In previous blog posts, we examined the regional distribution of the donors and some properties of the data itself (steps, resting heart rate). This time we are reporting on the demographics of the donors, including age, gender, height and weight, which can be specified in the app.
A subset of donors (about 10%) provide voluntary information on age, gender, body size and weight in addition to their daily heart rate and step count. This data is not required for our work on COVID-19 but yields important information about how significantly the donor community deviates from a representative sample.
Around 60% of the donors who shared their demographic information are female, which means that there are three women for every two men. We also found that women donate 60% of all heart rate data, and 52% of the step count data.
The age distribution in our data is consistent with the age distribution of the total population, with a few deviations. The average age in Germany is 48 years, while the donor average is around 3.6 years older. This is due to an under-representation of young adults (age 20-35) combined with an over-representation of middle-aged adults (age 45-60). One possible reason for this disproportionate participation is age-related differences in risk perception. Young people may view themselves as less at risk of COVID-19 infection than people over age 45 or may not view the risk as severely. Another explanation may involve differential income distribution. Fitness tracking devices can be expensive, which may mean that they are more likely to be used by middle-aged adults who have a higher probability of higher income than young adults.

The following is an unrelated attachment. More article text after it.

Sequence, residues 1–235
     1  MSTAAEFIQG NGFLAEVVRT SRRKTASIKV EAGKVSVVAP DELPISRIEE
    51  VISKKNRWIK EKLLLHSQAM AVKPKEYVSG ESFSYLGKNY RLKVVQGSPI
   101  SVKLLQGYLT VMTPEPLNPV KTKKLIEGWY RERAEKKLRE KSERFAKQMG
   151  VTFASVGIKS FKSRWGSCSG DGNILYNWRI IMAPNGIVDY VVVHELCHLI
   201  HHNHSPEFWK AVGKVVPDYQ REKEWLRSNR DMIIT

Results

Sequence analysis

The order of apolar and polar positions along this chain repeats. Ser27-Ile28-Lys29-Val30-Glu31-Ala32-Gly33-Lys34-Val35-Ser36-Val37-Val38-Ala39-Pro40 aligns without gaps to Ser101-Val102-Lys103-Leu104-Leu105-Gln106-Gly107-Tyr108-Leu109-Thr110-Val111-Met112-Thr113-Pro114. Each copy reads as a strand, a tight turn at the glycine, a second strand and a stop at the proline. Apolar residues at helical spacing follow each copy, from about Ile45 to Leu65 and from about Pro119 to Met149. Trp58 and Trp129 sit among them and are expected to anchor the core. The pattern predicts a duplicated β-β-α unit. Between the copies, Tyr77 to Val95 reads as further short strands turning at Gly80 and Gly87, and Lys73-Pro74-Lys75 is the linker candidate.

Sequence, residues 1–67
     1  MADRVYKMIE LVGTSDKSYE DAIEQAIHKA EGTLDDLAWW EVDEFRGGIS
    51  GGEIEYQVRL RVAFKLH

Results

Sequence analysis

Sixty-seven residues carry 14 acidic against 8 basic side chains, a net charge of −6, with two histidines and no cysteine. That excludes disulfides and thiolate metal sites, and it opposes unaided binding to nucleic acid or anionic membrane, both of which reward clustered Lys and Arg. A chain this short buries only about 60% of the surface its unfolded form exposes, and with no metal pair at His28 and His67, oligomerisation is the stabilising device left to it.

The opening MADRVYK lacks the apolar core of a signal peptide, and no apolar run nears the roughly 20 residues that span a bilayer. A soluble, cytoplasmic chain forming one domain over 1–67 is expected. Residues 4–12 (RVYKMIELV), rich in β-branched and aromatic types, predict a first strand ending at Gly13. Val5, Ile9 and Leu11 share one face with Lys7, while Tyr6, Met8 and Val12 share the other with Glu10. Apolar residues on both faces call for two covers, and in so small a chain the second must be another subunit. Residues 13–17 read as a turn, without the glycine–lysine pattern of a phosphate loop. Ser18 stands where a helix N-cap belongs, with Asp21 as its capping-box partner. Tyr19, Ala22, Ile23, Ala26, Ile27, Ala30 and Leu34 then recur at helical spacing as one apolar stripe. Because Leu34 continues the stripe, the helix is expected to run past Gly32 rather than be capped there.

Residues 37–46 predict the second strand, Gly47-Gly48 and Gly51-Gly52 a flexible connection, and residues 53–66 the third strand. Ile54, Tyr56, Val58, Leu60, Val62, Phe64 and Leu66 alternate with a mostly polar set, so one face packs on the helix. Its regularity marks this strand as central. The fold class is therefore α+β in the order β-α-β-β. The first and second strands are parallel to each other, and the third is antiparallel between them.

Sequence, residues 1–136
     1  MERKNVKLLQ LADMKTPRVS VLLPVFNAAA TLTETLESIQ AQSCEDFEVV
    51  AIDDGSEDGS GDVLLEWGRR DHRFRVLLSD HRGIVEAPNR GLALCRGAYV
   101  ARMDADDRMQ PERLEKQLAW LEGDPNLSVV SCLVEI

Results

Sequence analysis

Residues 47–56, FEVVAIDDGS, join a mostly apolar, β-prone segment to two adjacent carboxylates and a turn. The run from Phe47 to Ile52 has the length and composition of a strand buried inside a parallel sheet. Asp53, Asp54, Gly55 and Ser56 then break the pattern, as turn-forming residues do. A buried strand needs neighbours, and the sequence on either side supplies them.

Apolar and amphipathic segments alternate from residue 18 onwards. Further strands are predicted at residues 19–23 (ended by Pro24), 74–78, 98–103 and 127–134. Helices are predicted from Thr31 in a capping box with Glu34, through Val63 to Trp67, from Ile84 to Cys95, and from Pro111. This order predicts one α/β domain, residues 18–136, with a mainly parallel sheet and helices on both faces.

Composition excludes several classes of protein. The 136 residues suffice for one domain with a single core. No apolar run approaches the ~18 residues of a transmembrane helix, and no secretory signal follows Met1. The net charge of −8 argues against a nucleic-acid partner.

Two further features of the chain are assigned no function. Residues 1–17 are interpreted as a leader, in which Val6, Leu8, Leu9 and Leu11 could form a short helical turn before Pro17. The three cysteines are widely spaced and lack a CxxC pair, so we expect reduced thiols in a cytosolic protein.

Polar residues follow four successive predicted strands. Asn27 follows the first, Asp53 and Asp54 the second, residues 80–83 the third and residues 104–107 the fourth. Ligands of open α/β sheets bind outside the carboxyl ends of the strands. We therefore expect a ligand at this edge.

If we look at regional age distribution, we see that, not only is our overall donor population slightly older than the national average, but this same trend is exhibited by the individual federal states. Interestingly we see systematic differences between federal states.
Age and gender groups
A combined analysis of gender and age shows that women in our donor population are slightly younger than the national average, while male donors are slightly older. The average age among men is 50.2 years, which is about 4 years older than the average age for women (46.4 years).
As previously mentioned in the post Step by Step, we also examined the relationship between the number of steps and resting heart rate, which we then extended to different demographic groups. The results of this analysis await you in the next post.